Thursday, October 20, 2016

Low-hanging Fruit #1: Conserving Electricity at Home

Okay, I am scrapping my first attempt at this post. It sounded like I had just graduated with an online associates degree for technical writing.
So, let's try again and start this off with electricity. Most US electricity is produced in coal-powered or natural gas plants, both of which cause environmental destruction and create serious health problems for living beings - especially for those who are stuck living near these plants. If we want a healthier planet and a better life for people we have two options: start using cleaner production methods (wind, solar, etc.) or start using a lot less energy. (Or both.)

30% of our country's greenhouse gas emissions come from electricity production!

If you are like me, the solar/wind thing is out of the budget and you live in a town (like Lubbock) that strongly discourages solar and wind with prohibitive local zoning. It ain't easy being green (or frugal) here in the LBK.

It ain't easy being green! (Kermit)

So, I guess we need to focus on using less electricity at home.

Take a look around your house to see what is powered by electricity: heaters, air conditioners, washers, dryers, TVs, phones, computers, fans, lights, ovens - the list is extensive!

Let's pick out some of the low-hanging fruit - heaters and air conditioners.

Now you are probably scratching your head here. Does this crazy Mesquite Hugger know how expensive heaters and air conditioners are? Yes, I do. But this is not a post about scrapping it all and starting over. This is a talk about efficiency. Let's look at three steps.

Step 1: Stop those embarrassing leaks.

Yep, your house probably has air leaks. Doors, windows, light switches, vents, ductwork, ceilings - all of these are possible place where your conditioned air is sneaking out. The leaks cause your heater/ac to work harder which requires more electricity to be consumed which causes you to pay higher bills and our environment to suffer. So, stop those leaks! The hardware is cheap and the skills required are minimal for those of you who want to do it yourself. If you don't want to, then pay a handyman to help you out. You will be amazed at the bang for the buck.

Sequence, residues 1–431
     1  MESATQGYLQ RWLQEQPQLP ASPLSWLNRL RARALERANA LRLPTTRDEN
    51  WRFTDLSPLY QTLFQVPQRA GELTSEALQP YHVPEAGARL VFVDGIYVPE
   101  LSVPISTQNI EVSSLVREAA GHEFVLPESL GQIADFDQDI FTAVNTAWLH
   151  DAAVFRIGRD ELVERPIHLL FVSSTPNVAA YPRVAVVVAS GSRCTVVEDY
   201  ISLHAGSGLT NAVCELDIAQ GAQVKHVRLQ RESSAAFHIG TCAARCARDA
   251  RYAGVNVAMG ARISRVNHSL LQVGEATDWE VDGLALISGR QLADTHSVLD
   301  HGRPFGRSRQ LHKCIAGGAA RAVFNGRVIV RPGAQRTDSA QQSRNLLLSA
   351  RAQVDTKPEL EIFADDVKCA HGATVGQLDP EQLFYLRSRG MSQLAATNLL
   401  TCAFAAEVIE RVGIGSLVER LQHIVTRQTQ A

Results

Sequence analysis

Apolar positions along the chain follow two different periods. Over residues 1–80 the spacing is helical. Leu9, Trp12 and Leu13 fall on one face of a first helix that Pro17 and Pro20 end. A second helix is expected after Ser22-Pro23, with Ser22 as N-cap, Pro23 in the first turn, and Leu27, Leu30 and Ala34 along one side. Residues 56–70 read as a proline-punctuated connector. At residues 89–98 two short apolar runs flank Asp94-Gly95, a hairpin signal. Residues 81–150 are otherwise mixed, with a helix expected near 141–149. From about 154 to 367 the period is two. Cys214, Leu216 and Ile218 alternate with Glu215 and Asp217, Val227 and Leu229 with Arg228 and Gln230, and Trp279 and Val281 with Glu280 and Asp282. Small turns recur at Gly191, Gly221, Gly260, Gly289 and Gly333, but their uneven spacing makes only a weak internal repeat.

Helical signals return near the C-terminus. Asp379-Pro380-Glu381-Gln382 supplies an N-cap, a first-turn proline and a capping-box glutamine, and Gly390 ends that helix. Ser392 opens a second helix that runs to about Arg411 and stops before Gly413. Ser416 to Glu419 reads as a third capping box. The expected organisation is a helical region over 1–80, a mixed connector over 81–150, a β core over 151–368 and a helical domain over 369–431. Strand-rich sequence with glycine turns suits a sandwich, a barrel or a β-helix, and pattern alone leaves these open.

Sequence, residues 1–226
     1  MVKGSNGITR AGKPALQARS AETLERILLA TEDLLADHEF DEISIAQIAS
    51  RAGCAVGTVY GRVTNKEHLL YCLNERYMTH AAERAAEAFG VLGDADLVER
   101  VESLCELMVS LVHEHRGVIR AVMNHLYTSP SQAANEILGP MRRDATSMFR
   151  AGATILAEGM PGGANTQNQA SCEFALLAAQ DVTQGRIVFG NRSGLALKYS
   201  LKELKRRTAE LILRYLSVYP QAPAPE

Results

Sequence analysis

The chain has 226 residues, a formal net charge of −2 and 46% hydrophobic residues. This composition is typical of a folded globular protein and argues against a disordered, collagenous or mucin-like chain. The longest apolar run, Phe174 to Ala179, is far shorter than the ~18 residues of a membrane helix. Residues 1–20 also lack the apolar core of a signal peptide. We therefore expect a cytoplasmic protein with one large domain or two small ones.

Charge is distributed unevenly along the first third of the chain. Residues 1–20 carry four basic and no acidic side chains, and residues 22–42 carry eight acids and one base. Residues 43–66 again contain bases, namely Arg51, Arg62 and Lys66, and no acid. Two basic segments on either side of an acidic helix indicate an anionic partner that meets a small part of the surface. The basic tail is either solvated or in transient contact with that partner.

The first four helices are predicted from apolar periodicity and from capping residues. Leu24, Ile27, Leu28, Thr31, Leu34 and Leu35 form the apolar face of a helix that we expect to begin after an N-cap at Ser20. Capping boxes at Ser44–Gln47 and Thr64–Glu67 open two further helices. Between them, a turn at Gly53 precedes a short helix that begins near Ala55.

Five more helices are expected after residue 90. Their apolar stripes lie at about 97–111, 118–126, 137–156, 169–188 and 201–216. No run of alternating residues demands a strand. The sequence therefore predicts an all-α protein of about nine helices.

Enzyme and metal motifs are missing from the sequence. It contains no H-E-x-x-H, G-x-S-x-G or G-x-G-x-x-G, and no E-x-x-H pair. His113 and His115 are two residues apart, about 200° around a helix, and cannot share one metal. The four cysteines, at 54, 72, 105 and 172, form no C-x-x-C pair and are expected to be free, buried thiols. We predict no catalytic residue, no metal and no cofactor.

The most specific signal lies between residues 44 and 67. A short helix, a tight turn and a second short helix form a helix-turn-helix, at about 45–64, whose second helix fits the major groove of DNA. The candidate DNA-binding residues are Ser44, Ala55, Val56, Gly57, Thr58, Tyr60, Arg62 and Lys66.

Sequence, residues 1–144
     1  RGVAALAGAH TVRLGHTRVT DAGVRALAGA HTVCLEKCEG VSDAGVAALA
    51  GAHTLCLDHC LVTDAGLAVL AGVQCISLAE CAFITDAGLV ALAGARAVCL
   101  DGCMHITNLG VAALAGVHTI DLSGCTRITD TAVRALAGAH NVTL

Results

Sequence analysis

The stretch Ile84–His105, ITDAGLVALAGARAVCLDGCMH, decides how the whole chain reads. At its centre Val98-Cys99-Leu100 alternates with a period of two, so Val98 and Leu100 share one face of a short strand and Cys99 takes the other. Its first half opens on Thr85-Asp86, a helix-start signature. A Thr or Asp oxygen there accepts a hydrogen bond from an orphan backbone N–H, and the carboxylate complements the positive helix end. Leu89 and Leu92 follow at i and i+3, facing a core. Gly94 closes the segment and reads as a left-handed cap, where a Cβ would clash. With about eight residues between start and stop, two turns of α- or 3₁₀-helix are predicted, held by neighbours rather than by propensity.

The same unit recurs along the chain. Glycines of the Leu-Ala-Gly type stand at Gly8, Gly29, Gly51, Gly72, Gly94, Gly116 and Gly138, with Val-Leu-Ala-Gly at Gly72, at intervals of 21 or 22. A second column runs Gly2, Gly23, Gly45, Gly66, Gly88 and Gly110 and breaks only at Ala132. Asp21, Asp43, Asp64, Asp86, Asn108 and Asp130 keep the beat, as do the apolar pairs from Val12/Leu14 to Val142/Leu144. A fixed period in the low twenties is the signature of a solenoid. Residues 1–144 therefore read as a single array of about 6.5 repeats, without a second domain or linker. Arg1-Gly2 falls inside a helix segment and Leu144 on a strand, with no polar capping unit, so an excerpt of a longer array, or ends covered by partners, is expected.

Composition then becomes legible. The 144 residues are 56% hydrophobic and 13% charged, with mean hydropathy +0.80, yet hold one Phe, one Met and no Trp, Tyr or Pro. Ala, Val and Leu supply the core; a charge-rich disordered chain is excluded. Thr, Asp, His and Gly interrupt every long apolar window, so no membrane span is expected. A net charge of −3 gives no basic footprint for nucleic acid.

Step 2: Dress appropriately.

This guy gets it!

Let's say it's 30 degrees outside but you are comfortably running around the house in your undies. There's a problem here. Put on more clothes and turn the thermostat down a few degrees. It's a simple but very productive approach to lowering your electricity consumption. And who knows, you may look smoking hot in a sweater! It's all about insulating yourself.

Step 3: Speaking of insulation...

Energy Star: Attic Insulation Project

Add more insulation to your home. Heat rises, so a lot of heat escapes a house by going up. By adding more insulation to your attic, you invite your conditioned air to stick around longer and keep things cozy. Yes, this step is a little more involved than the first two, but it also pays big dividends in conserving energy (and money!)

So there it is - our first low-hanging fruit post. I hope you are finding it tasty and helpful.

May we all find ways to (easily) work together to heal our ailing world.

Bonus Mr. Rogers post: Vintage Electric Car in Mister Rogers' 'hood!

Another Bonus Mr. Rogers post with a dash of Jimmy: Misters Rogers and Carter again? MH looks back a bit.

And another post about energy conservation at home: MH Disclaimer 2: Solar/Wind Power vs Energy Conservation